We introduce and investigate a product pricing model in social networks where the value a possible buyer assigns to a product is influenced by the previous buyers. The selling proceeds in discrete, synchronous rounds for some set price and the individual values are additively altered. Whereas computing the revenue for a given price can be done in polynomial time, we show that the basic problem PPAI, i.e., is there a price generating a requested revenue, is weakly NP-complete. With algorithm Frag we provide a pseudo-polynomial time algorithm checking the range of prices in intervals of common buying behavior we call fragments. In some special cases, e.g., solely positive influences, graphs with bounded in-degree, or graphs with bounded path length, the amount of fragments is polynomial. Since the run-time of Frag is polynomial in the amount of fragments, the algorithm itself is polynomial for these special cases. For graphs with positive influence we show that every buyer does also buy for lower prices, a property that is not inherent for arbitrary graphs. Algorithm FixHighest improves the run-time on these graphs by using the above property.
Furthermore, we introduce variations on this basic model. The version of delaying the propagation of influences and the awareness of the product can be implemented in our basic model by substituting nodes and arcs with simple gadgets. In the chapter on Dynamic Product Pricing we allow price changes, thereby raising the complexity even for graphs with solely positive or negative influences. Concerning Perishable Product Pricing, i.e., the selling of products that are usable for some time and can be rebought afterward, the principal problem is computing the revenue that a given price can generate in some time horizon. In general, the problem is #P-hard and algorithm Break runs in pseudo-polynomial time. For polynomially computable revenue, we investigate once more the complexity to find the best price.
We conclude the thesis with short results in topics of Cooperative Pricing, Initial Value as Parameter, Two Product Pricing, and Bounded Additive Influence.

In change-point analysis the point of interest is to decide if the observations follow one model
or if there is at least one time-point, where the model has changed. This results in two sub-
fields, the testing of a change and the estimation of the time of change. This thesis considers
both parts but with the restriction of testing and estimating for at most one change-point.
A well known example is based on independent observations having one change in the mean.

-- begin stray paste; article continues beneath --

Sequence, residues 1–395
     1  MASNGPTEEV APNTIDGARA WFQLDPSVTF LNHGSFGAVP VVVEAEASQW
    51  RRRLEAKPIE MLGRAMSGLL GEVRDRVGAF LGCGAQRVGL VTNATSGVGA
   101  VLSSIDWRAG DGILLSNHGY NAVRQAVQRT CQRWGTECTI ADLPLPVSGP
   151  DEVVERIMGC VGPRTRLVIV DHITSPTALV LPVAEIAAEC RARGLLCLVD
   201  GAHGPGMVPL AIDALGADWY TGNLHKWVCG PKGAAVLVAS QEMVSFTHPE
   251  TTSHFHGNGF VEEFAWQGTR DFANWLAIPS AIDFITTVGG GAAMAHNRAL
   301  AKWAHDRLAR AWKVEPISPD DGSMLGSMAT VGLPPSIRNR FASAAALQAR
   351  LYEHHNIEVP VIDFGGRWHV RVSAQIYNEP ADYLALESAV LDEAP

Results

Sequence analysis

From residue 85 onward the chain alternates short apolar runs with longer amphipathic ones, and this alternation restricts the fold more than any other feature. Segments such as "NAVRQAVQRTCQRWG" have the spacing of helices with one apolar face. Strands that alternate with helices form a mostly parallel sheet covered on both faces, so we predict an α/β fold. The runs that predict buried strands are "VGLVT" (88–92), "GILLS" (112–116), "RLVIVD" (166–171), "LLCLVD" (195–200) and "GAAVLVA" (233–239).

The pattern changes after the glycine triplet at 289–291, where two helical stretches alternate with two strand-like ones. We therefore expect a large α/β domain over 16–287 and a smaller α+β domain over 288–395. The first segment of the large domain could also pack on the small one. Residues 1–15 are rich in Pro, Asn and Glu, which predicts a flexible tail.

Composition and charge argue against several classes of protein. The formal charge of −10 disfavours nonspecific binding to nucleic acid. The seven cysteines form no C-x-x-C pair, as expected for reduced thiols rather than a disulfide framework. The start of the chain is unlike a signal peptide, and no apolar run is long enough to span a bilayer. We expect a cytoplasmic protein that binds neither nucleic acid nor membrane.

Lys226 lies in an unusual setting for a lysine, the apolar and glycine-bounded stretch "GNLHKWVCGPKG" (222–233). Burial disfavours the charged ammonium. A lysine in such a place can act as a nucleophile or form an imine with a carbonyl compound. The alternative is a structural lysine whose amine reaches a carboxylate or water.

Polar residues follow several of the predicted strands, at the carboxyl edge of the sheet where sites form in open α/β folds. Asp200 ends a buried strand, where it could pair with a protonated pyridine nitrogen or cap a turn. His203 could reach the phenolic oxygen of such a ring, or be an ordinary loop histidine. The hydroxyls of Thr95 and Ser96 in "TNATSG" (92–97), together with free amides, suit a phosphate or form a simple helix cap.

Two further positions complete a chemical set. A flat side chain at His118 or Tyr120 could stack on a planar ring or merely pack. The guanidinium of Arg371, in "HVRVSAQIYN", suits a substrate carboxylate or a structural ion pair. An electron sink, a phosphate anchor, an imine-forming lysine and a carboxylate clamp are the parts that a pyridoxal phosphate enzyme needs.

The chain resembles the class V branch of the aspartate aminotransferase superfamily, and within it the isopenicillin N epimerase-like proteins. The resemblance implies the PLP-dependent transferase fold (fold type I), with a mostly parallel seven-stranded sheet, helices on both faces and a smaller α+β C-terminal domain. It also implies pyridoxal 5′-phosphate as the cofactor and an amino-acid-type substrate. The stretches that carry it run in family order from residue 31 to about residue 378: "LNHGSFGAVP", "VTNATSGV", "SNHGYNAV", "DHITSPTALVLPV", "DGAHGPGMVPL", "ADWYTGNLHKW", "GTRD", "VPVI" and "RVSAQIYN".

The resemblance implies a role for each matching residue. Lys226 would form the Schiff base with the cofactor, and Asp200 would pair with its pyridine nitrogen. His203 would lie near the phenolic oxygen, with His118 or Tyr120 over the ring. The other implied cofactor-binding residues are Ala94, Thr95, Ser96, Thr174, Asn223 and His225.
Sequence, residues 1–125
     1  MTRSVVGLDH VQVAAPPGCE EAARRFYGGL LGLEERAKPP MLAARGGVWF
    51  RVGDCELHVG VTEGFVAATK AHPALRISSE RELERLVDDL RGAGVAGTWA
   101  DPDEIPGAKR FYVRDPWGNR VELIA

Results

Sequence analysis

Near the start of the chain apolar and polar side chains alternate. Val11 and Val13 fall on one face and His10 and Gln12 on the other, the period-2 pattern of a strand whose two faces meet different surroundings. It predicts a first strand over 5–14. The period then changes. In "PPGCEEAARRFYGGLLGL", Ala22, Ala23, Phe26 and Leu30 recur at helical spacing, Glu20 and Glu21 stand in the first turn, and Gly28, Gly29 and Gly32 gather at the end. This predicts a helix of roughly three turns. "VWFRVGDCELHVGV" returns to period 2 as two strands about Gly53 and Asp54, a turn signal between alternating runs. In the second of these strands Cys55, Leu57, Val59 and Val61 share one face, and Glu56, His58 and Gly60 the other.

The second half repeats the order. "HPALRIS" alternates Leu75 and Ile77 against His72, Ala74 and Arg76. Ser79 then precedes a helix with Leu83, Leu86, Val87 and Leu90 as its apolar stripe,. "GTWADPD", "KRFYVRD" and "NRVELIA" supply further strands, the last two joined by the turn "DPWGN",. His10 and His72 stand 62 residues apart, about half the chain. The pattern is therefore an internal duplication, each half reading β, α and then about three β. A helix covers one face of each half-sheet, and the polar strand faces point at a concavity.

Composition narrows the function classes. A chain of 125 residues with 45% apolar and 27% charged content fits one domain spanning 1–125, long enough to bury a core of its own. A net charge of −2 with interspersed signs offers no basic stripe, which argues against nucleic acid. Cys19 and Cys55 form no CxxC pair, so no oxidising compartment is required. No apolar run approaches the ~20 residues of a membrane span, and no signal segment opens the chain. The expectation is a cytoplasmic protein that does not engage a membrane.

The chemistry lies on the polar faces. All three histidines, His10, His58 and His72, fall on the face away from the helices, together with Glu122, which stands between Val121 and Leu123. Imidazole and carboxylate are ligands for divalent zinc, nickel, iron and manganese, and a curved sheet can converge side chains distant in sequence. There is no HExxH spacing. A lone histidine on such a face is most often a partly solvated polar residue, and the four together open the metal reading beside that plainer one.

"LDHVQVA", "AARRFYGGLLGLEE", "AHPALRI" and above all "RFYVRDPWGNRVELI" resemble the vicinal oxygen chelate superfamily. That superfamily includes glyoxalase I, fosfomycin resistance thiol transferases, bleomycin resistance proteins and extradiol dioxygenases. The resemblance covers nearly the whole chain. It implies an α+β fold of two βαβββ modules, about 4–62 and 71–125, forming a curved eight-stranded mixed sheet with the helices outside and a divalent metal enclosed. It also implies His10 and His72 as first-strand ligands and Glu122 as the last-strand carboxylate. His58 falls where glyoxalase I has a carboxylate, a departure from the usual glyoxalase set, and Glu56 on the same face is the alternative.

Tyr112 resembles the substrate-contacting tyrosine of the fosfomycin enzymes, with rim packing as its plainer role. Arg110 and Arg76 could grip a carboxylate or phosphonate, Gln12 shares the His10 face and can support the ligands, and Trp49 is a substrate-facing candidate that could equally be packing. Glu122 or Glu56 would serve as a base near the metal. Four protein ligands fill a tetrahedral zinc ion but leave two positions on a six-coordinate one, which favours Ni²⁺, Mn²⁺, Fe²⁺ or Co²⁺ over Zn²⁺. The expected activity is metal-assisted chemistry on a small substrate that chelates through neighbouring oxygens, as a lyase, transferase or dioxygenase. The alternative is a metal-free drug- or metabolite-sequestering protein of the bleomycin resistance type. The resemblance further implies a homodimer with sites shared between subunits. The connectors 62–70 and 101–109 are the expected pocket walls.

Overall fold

Based on the likelihood ratio test a test statistic with an asymptotic Gumbel distribution was
derived for this model. As it is a well-known fact that the corresponding convergence rate is
very slow, modifications of the test using a weight function were considered. Those tests have
a better performance. We focus on this class of test statistics.
The first part gives a detailed introduction to the techniques for analysing test statistics and
estimators. Therefore we consider the multivariate mean change model and focus on the effects
of the weight function. In the case of change-point estimators we can distinguish between
the assumption of a fixed size of change (fixed alternative) and the assumption that the size
of the change is converging to 0 (local alternative). Especially, the fixed case in rarely analysed
in the literature. We show how to come from the proof for the fixed alternative to the
proof of the local alternative. Finally, we give a simulation study for heavy tailed multivariate
observations.
The main part of this thesis focuses on two points. First, analysing test statistics and, secondly,
analysing the corresponding change-point estimators. In both cases, we first consider a
change in the mean for independent observations but relaxing the moment condition. Based on
a robust estimator for the mean, we derive a new type of change-point test having a randomized
weight function. Secondly, we analyse non-linear autoregressive models with unknown
regression function. Based on neural networks, test statistics and estimators are derived for
correctly specified as well as for misspecified situations. This part extends the literature as
we analyse test statistics and estimators not only based on the sample residuals. In both
sections, the section on tests and the one on the change-point estimator, we end with giving
regularity conditions on the model as well as the parameter estimator.
Finally, a simulation study for the case of the neural network based test and estimator is
given. We discuss the behaviour under correct and mis-specification and apply the neural
network based test and estimator on two data sets.

This thesis is concerned with different null-models that are used in network analysis. Whenever it is of interest whether a real-world graph is exceptional regarding a particular measure, graphs from a null-model can be used to compare the real-world graph to. By analyzing an appropriate null-model, a researcher may find whether the results of the measure on the real-world graph is exceptional or not.
Deciding which null-model to use is hard and sometimes the difference between the null-models is not even considered. In this thesis, there are several results presented: First, based on simple global measures, undirected graphs are analyzed. The results for these measures indicates that it is not important which null-model is used, thus, the fastest algorithm of a null-model may be used. Next, local measures are investigated. The fastest algorithm proves to be the most complicated to analyze. The model includes multigraphs which do not meet the conditions of all the measures, thus, the measures themselves have to be altered to take care of multigraphs as well. After careful consideration, the conditions are met and the analysis shows, that the fastest is not always the best.
The same applies for directed graphs, as is shown in the last part. There, another more complex measure on graphs is introduced. I continue testing the applicability of several null-models; in the end, a set of equations proves to be fast and good enough as long as conditions regarding the degree sequence are met.